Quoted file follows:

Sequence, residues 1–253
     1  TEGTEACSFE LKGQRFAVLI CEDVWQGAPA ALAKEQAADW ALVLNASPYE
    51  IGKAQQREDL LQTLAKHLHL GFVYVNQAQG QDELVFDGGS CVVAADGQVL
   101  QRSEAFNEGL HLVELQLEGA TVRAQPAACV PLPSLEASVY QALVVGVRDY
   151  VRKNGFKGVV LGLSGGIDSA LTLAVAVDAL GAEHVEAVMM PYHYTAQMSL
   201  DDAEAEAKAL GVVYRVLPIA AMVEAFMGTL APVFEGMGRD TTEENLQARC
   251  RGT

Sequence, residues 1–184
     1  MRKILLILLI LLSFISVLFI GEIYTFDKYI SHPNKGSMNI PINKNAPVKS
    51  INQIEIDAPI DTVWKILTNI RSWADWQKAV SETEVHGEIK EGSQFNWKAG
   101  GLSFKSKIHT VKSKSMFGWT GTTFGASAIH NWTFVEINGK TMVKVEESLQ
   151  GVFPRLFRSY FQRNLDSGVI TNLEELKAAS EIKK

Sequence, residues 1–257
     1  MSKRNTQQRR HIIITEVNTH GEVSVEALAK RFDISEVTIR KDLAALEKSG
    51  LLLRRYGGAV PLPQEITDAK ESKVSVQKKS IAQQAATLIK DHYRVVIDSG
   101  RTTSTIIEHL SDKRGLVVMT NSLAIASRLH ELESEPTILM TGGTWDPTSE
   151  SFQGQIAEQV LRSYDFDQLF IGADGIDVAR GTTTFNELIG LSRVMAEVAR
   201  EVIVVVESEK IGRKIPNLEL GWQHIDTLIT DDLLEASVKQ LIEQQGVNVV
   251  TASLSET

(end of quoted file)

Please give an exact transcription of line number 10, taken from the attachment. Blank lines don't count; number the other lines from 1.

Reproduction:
    51  INQIEIDAPI DTVWKILTNI RSWADWQKAV SETEVHGEIK EGSQFNWKAG